free electron laser

Illustration of a free electron laser. A beam of electrons is sent through an undulator -- an array of magnets with alternating north and south poles. The magnetic field in the undulator forces each bunch of electrons to oscillate back and forth, causing them to emit a laserlike beam of light.

Image courtesy Flavio Robles/Creative Services Office, Lawrence Berkeley National Lab

Military Lasers

There are many different types of lasers:

  • Solid state lasers have a lasing medium that is solid crystal, like the ruby laser or the neodinium YAG laser, which emits 1.06 micrometer wavelength.
  • Gas lasers have a lasing medium that is a gas or combination of gases, such as helium-neon laser or carbon dioxide laser, which emits 10.6 micrometer wavelengths (infrared).
  • Excimer lasers have a lasing medium that is a combination of reactive gases, like chlorine or fluorine, and inert gases, like argon or krypton. The argon fluoride laser emits ultraviolet light of 193 nanometer wavelengths.
  • Dye lasers have a lasing medium that is a fluorescent dye, such as rhodamine. They can be tuned to a variety of wavelengths within a certain range. The rhodamine 6G dye laser can be tuned from 570- to 650-nanometer wavelengths.
  • Carbon dioxide lasers are being explored by the military because they're powerful infrared lasers that can be used for cutting metal.

There are several lasers currently being used for military purposes. One that's being researched and developed is the free electron laser (FEL). In the 1970s, Stanford physicist John Madey invented and patented the FEL, which consists of an electron injector, a particle accelerator and a magnetic undulator or wiggler. It works like this:

  1. The electron injector injects a pulse of free electrons into the particle accelerator.
  2. The particle accelerator accelerates the electrons to near the speed of light (300,000 km/s)
  3. The electrons move through the undulator or wiggler, which is a series of magnets with alternating north-south directions.
  4. Inside the wiggler, the electrons oscillate back and forth. With each bend, they emit light of a specific wavelength.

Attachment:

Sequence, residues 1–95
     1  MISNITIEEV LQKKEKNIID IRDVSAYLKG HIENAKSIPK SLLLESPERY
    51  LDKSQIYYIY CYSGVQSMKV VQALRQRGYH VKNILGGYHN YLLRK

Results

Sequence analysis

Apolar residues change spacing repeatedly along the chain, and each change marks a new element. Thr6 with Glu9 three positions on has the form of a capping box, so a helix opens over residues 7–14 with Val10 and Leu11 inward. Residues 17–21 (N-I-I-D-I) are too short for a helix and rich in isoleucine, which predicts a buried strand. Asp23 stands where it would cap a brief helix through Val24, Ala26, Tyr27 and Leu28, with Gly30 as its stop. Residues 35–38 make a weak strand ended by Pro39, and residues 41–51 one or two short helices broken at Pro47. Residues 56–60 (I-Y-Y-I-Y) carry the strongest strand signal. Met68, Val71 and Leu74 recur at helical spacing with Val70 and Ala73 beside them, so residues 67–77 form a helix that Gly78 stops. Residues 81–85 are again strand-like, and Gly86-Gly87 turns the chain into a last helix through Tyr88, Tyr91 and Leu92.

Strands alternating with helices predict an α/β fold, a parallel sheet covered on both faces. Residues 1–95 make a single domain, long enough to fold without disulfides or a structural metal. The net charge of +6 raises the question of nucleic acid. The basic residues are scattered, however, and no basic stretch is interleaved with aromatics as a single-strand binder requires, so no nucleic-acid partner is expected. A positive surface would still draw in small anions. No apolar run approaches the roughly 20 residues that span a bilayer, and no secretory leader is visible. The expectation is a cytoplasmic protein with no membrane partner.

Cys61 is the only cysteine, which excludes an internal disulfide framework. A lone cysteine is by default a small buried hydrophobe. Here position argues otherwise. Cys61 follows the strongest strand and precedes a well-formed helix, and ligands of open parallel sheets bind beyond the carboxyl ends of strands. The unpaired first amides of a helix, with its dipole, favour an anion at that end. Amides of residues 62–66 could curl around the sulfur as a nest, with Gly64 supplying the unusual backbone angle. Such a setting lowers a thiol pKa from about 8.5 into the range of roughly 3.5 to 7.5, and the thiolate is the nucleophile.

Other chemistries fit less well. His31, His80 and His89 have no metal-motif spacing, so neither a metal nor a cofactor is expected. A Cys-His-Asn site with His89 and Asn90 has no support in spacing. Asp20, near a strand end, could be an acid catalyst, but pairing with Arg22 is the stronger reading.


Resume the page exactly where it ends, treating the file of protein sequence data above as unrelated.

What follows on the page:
5. The spacing of the magnets within the wiggler controls the wavelength of emitted light. So, the FEL laser can be tuned by changing the magnet spacing.
  6. In theory, the FEL can be tuned from the infrared region to the X-ray region of the electromagnetic spectrum.

FELs have been used to produce high-energy infrared light and synchrotron X-rays for research purposes. The FEL was also a laser of interest for the Defense Department's Strategic Defense Initiative (President Reagan's "Star Wars" program). Recently, the U.S. Naval Postgraduate School acquired Madey's original FEL developed at Stanford University, to use for military research.

In 1977, the U.S. Air Force developed a chemical oxygen-iodine laser (COIL). The energy source for the COIL is a chemical reaction, and the lasing medium is molecular iodine. Here's how it works: atoms, heat and byproducts, including water vapor and potassium chloride.

  1. A chemical reaction occurs between chlorine gas and liquid mixture of hydrogen peroxide and potassium hydroxide.
  2. The chemical reaction produces single oxygen
  3. Molecular iodine gets injected into the laser. The singlet oxygen provides the energy to get the iodine atoms to lase and emit infrared light at a wavelength of 1.3 micrometers.
  4. The laser can emit light continuously or the light can be pulsed, which increases the efficiency of the laser.

The COIL laser is used aboard the Air Force's Airborne Laser, which we'll talk about next.